On 5 May the company announced a partnership with US firm Adeptrix to develop a high throughput test using mass spectrometers in hospitals, contributing significantly to the increase in global testing capacity.

By adapting unutilised mass spectrometers, hundreds of tests can be analysed by a single technician in a day, increasing capacity
compared with existing techniques which detect genetic information of the virus and are very labour intensive.

Avacta, which will be paid a royalty on sales, said it expected to be ready for commercial launch very soon. Analysts believe hundreds of millions of tests will be required every month for a long period, even after the pandemic has passed.


Getting a good, accurate measurement of the number of people who have had coronavirus will be critical in safely reopening the economy, and the Government has formed the UK Rapid Test Consortium to develop and manufacture an antibody test.

Diagnostics firm Omega Diagnostics (ODX:AIM) announced it was part of the consortium on 9 April. Omega’s kits are also similar to the pregnancy strip but the patient provides a blood sample. The test will allow individuals to potentially go back to work if they are found to have already had the virus.

On 27 April Omega’s shares jumped 46% after its antibody test achieved a CE-Mark, indicating the product could be sold in Europe and clearing the path for revenues to be generated elsewhere around the globe.


There are a number of firms testing existing drugs which were intended to cure other known diseases. This could mean getting a vaccine to market much faster than trying to develop a new vaccine from scratch.

US pharmaceutical company Gilead Sciences has been grabbing most of the headlines with its Ebola drug Remdesivir.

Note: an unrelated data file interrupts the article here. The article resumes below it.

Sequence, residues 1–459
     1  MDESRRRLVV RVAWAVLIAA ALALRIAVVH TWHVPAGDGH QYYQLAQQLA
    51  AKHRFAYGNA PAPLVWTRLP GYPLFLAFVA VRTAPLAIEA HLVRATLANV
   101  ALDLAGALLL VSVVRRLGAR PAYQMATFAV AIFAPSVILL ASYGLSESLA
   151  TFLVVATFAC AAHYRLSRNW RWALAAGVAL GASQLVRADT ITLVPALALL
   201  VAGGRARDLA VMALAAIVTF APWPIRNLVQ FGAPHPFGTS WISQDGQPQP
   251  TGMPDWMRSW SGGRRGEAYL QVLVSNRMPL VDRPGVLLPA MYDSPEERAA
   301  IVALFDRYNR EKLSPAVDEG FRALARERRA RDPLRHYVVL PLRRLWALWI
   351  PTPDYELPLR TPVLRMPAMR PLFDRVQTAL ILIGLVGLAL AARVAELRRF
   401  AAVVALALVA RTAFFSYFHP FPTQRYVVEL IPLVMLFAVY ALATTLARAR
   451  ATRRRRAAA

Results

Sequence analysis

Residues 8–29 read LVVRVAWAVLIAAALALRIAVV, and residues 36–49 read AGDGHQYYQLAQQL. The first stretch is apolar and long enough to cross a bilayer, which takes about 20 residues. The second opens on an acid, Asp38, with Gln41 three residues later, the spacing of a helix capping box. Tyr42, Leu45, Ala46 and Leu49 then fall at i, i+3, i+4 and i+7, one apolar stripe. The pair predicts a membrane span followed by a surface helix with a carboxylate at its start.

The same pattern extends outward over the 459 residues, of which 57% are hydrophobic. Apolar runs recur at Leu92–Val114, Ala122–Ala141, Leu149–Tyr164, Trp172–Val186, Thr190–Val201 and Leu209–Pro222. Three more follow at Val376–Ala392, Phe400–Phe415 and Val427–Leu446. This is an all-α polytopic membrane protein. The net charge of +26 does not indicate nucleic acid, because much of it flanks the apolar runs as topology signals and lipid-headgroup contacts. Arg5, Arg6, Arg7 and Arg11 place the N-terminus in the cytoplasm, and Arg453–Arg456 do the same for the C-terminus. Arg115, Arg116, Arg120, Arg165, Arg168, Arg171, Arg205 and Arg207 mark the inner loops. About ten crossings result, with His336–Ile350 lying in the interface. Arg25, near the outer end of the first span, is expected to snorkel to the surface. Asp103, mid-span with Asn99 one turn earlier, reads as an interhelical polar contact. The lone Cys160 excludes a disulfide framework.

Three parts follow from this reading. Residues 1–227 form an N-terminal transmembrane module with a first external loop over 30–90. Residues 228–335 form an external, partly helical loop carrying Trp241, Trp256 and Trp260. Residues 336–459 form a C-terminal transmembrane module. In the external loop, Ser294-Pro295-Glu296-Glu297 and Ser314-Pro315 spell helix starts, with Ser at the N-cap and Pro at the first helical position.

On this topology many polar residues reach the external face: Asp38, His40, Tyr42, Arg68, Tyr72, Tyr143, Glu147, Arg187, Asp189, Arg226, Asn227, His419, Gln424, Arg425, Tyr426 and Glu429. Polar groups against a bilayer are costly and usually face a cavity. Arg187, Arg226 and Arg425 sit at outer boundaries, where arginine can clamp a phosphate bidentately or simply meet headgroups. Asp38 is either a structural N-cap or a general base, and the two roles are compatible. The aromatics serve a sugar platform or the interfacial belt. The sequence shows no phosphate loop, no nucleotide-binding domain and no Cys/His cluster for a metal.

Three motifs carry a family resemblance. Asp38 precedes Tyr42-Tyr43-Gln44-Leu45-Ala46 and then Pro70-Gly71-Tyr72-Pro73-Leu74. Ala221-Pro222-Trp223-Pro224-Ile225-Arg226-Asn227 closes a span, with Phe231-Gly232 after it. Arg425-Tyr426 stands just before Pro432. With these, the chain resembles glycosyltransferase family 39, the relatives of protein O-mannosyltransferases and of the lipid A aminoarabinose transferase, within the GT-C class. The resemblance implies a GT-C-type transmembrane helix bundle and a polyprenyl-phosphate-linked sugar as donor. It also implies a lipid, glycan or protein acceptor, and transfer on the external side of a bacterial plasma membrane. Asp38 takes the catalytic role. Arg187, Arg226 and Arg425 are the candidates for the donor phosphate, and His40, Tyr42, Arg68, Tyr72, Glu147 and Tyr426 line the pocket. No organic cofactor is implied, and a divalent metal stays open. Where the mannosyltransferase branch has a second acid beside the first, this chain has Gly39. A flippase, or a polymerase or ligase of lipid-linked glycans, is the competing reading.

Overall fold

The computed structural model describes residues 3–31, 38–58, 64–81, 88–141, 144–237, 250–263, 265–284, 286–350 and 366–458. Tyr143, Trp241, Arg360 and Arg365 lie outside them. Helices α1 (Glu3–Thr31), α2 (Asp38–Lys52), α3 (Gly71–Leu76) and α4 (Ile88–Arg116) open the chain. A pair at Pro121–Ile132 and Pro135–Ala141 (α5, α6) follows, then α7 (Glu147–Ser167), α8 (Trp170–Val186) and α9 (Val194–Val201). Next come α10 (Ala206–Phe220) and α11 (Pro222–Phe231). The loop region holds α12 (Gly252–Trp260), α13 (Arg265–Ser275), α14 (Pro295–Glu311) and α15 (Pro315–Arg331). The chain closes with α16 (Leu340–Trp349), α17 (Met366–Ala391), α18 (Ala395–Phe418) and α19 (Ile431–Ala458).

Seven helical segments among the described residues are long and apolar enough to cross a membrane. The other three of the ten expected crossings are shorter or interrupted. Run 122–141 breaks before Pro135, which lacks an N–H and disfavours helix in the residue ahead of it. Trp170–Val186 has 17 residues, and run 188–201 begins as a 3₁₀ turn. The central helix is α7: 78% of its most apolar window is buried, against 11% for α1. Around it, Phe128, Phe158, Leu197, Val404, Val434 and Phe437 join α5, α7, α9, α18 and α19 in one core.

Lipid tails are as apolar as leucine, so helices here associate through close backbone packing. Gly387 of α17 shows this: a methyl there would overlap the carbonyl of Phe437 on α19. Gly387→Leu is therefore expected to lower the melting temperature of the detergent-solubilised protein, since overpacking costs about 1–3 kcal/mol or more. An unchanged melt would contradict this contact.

However we think one of the most exciting opportunities investors should take a closer look at is Oslo-based biotechnology company Bergenbio which announced on 28 April that its drug bemcentinib had become the first candidate drug to be fast-tracked to rapidly investigate its efficacy against coronavirus.

The study is being funded by the UK Department of Health and Social Care and UK Research and Innovation. Testing will cover 120 people across six NHS hospital trusts and be performed as a double-blind study.

This means half of the patients will get the drug and half will get a placebo, and provides a statistically more robust result.

The key advantage of the drug is that it is taken orally once a day and has shown to be safe and well-tolerated in hundreds of patients, in many cases over a number of years. The company raised €45m of new money on 5 May to accelerate the commercialisation potential of the drug.

Bergenbio’s shares should be available to buy on most of the main UK investment platforms under the code ‘BGBIOO’. They are listed on the Oslo market which introduces some foreign currency exposure, adding to the risks of investing in this promising company.


Treating the body’s response to the virus and potentially keeping more patients out of intensive care is another area of treatment being explored by drug companies such as drug discovery firm Synairgen (SNG:AIM) which specialises in respiratory disease.

Synairgen is one of the best performing shares this year, up more than six-fold after a string of positive news announcements concerning its SNG001 drug which is capable of being delivered directly into the lungs with an inhaler.

The aim is to be able to treat patients earlier in their infection in a home setting, given that hospitalised patients will typically have had symptoms for an average of 10 to 11 days prior to admission. The results of the current trial are expected in June.

In similar fashion, Tiziana Life Sciences (TILS:AIM) announced the development of a new technology to treat patients who develop an uncontrolled immune response that can result in severe lung damage and respiratory failure.